An alpine pass is a strange place to be. It’s so high above the rest of the country and only generally accessible in the summer. Once you leave the safety of the main road, you’re quickly into wild territory.
The best time to feel the true nature of the place is at the beginning or end of the summer season, when the main road is clear of snow. It’s not warm enough for the summer tourists to turn up and picnic within sight of marmots and choughs, and the mountains only rarely echo to the sound of motorbikes and cars in high gear. Where the valleys echo continually to the sound of automotive invasion throughout the warmest parts of the year, they are silent but for the sound of the wind in the short weeks before and after the sun melts the ice and snow. The triple horns of the Swiss Post buses are a distant memory, as they wind their solitary way around the hairpins with no need to announce their presence.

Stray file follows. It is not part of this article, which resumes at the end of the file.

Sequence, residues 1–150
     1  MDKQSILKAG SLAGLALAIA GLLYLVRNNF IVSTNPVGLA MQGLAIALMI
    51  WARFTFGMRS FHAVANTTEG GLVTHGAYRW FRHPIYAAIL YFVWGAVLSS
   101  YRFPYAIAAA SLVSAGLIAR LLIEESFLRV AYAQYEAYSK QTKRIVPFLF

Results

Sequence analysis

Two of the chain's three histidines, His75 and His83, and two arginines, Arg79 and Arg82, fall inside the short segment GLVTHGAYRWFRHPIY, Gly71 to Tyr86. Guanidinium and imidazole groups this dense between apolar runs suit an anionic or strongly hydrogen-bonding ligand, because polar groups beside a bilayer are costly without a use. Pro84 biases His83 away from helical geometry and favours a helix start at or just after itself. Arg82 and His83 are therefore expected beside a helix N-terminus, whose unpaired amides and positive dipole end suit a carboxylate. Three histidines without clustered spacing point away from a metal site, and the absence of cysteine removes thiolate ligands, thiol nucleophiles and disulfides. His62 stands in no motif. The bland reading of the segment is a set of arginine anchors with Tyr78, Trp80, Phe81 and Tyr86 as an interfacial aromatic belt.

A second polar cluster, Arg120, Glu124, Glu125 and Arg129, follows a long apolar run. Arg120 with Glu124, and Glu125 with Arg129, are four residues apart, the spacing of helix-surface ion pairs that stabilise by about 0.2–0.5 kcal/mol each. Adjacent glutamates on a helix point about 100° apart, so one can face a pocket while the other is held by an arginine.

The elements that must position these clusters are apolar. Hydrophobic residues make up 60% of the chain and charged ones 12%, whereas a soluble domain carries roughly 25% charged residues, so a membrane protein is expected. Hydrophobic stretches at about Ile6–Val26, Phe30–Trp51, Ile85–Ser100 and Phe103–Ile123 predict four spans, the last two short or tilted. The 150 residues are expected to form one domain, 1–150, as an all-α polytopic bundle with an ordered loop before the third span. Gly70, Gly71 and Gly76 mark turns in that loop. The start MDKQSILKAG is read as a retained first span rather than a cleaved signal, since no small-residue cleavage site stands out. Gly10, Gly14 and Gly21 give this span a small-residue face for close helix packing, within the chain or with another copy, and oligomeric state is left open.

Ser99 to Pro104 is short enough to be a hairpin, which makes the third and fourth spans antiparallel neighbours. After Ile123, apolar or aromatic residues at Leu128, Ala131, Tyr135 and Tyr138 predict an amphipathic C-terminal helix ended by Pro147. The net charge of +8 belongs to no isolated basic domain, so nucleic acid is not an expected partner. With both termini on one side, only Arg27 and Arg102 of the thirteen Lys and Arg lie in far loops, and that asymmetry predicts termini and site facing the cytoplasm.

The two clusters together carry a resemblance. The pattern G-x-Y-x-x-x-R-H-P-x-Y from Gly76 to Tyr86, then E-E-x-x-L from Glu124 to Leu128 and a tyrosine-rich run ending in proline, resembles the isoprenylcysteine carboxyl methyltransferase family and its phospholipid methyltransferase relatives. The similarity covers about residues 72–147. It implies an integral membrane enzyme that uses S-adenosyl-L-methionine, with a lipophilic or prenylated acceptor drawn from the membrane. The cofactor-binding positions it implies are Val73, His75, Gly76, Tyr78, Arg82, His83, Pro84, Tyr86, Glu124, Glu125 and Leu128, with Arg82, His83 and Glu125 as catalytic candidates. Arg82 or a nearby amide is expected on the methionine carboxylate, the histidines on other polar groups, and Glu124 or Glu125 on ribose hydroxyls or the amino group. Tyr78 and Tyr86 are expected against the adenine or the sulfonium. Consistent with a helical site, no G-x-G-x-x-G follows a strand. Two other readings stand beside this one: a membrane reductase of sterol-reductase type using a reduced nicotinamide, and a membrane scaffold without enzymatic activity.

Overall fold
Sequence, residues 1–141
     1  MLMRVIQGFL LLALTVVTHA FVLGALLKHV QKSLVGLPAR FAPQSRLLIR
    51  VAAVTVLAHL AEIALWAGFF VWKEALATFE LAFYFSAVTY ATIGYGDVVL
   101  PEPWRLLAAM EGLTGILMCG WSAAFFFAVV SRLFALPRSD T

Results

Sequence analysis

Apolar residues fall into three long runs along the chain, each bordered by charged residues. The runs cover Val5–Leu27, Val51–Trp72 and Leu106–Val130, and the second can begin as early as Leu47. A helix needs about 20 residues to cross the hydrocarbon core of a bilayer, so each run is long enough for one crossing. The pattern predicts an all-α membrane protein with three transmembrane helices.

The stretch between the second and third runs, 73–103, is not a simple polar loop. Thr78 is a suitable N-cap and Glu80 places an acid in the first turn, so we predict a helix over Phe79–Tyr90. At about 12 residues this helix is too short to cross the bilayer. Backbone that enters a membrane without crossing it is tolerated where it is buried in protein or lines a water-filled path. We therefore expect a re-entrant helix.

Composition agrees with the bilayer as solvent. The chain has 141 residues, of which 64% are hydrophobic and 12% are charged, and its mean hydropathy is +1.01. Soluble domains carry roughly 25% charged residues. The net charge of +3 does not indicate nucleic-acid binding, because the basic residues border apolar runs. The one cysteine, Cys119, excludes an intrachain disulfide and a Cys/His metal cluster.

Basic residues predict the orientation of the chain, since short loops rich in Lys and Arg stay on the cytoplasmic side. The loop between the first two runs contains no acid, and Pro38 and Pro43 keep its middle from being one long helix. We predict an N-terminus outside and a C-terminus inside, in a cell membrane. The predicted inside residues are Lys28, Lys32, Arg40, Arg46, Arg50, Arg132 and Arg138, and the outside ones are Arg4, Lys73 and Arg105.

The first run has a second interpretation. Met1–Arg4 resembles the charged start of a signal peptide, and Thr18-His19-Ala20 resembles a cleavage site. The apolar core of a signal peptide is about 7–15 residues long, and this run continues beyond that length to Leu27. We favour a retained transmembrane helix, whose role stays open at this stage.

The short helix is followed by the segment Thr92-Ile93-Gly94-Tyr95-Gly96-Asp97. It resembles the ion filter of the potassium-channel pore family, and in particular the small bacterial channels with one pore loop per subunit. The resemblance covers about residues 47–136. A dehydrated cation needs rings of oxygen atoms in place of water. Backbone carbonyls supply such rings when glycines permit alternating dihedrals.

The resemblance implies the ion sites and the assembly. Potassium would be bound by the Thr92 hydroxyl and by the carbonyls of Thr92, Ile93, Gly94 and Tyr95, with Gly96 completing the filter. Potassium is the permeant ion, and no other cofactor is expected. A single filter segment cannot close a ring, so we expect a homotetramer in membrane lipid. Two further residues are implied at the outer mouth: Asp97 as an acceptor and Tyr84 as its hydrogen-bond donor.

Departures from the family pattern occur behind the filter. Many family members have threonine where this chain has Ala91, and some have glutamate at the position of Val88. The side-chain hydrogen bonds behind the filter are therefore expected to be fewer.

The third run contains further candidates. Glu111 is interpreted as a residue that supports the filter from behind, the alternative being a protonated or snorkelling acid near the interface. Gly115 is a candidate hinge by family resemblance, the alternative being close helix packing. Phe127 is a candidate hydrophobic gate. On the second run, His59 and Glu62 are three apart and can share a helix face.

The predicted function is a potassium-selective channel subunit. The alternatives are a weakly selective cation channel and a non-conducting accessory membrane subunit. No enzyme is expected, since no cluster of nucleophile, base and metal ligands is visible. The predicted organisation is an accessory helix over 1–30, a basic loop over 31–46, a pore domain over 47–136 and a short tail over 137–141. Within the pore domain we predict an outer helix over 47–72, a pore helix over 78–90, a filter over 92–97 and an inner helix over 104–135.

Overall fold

On the passes themselves, tattered restaurants and optimistic hotels aren’t yet overcome by high season, and battered, weathered boards are nailed across some of the windows to keep the wintry weather at bay. Up here, away from the green meadows and tourists clinging onto the last or the first straggling breaths of warm weather, you can feel the true nature of the higher alps. Windy and bleak, with frozen lakes even in what many of us would term summer, the alpine passes in early or late season offer a reminder to the untamed nature of the mountains.